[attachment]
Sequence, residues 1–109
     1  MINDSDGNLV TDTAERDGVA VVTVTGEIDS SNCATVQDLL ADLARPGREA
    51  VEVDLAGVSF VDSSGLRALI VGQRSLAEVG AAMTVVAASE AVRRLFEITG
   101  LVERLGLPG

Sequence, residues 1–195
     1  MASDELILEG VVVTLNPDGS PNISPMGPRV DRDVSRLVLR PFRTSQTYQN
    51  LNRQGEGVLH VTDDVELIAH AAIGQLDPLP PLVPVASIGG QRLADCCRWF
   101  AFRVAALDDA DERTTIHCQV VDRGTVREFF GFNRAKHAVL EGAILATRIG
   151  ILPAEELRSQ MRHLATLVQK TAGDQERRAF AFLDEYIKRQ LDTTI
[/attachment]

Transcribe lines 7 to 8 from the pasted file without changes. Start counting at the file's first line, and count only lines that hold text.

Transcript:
    51  LNRQGEGVLH VTDDVELIAH AAIGQLDPLP PLVPVASIGG QRLADCCRWF
   101  AFRVAALDDA DERTTIHCQV VDRGTVREFF GFNRAKHAVL EGAILATRIG